The roots of the Abakhero community are traced back to the great Musere, their ancestor. Musere had migrated from Misri, the present day Egypt in the 15th and 16th centuries. He first settled in Tororo and Mbale in Uganda but later migrated to Butere. This became the ancestral home of the Abakhero community. The family of Musere was associated with rain making activities which astonished the natives during that time.
The present day Bakhero clan of Busia is traced back to Mwakha. He left for Busia from Alego via Ibanda in Uganda. After relocating from Bonge to Nasira, his father passed on. The family felt unsafe and later migrated Lwanyange/Malanga through the leadership of Wandukusi. Malanga became another dispersal place from where the community dispersed to other areas such as Samia, Nambale, and Teso among others where they are presently found.
The Bakhero just like any other clan has its norms and values that shape the behavior of its people. It was ruled by a council of elders who chose the leaders from a group of wise men. The members stayed together in homesteads in grass-thatched houses. One amazing gift that amazes the neighboring communities is the ability to make rain. It is not easy to understand how people can organize clouds in the sky and within no time, a heavy downpour follows!
Earlier mentioned, Bakhero lived in homesteads, in grass-thatched houses. The houses were feeble since the main constructing materials were grass and mud. It, therefore, required strong manpower from the males for defense. The homesteads were made up of a traditional family; father, mother and children and a few close relatives. The children comprised of the married sons and the unmarried children of both genders. The mukhero man was the father of the family, and he ensured protection, built houses and met all the needs of the family. He would also take part in fighting events of the village. The son’s main job was to look after the cattle and also help the father in building houses. The mukhero woman was responsible for bringing children and doing house chore. They were imitated by their daughters who helped them perform the tasks. The grandparents were both moralists and historians. They performed the two roles through story telling.
Marriage among the Bakhero was mainly for procreation purposes. Childless marriages were meaningless. Dowry was paid to the bride’s family before marriage happened. The bride was expected to be a virgin on her marriage day. The bride’s family was showered with gifts if this expectation was met. Children were named after their ancestors. It is also interesting to note that when the baby persistently cried, they believed that a certain ancestor wanted the baby to be named after them. A medicine man was thus consulted.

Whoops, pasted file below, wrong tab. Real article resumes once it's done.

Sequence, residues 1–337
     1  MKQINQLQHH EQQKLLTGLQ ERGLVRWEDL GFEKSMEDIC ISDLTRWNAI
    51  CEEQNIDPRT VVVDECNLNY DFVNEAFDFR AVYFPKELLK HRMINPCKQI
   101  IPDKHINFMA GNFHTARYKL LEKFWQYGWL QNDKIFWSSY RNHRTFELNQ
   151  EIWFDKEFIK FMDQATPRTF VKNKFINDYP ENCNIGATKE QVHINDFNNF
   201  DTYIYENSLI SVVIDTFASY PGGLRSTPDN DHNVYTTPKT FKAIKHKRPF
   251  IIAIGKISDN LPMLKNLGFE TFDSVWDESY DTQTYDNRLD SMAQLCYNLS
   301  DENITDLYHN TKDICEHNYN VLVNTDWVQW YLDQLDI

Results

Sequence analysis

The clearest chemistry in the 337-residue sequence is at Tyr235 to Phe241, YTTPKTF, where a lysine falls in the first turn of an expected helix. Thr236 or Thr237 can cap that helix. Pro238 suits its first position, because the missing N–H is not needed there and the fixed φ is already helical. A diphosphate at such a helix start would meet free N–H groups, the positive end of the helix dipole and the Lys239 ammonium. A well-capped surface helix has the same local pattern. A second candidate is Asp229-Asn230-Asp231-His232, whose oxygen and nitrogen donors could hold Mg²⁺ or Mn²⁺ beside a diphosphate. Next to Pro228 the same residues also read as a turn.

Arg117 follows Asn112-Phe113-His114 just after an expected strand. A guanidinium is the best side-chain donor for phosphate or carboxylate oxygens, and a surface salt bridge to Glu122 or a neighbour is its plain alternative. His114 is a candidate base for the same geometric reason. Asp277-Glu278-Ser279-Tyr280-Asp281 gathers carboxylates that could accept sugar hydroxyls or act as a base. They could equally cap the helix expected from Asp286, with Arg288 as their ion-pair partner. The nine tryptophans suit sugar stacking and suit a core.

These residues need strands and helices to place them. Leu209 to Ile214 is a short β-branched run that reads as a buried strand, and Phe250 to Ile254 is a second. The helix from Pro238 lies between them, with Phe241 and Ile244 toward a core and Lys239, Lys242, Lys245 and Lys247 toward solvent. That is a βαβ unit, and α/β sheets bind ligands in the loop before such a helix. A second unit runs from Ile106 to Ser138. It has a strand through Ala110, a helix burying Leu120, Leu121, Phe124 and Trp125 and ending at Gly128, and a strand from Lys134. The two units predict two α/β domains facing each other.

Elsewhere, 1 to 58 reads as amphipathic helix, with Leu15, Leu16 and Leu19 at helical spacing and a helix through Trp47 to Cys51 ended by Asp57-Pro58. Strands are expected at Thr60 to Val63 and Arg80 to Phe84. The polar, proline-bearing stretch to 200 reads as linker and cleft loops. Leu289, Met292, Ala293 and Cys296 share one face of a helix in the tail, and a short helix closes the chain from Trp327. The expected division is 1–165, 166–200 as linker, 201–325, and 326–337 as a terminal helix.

The rights of passage were marked by ceremonies. It started from when the baby was born the naming, and as he progressed into the teenage hood, he was circumcised. The marriage and then death awaited. The Bakhero gatherings were led by the council of elders and were held annually. It is through this gathering that family problems were solved. There were some things set aside for rituals. They were not supposed to be touched. If anyone touched them, they became taboo to themselves, and they had to seek ritual purifications. It was a taboo to engage in marital activities with a relative.
A dead man was buried on the right and the dead wife on the left. The Bakhero believed that the dead listens to the living and thus a leaf from Murumba tree was pierced through the ear of the deceased to support this. The man was buried in the house of the elder wife to symbolize respect and honor. It is also hilarious to note that women were not supposed to eat chicken. The taboo, however, is withering and dying off. The clan engaged in metal works, leather works, and wood works. However, the traditional craft is diminishing in the community.
Change is inevitable, they say. So is social change. The East Africa expansion, as well as some economical, social and religious changes, led to social change among the Bakhero. Constant interactions with other incoming or the native communities led to some social changes which were adopted by the people. The introduction of Christianity during the colonial period changed the social customs of the Bakhero. Believing in ancestors is not as common as it was. The Bakhero being a smaller community was assimilated by the Luhyia and the Luo who were the neighboring communities.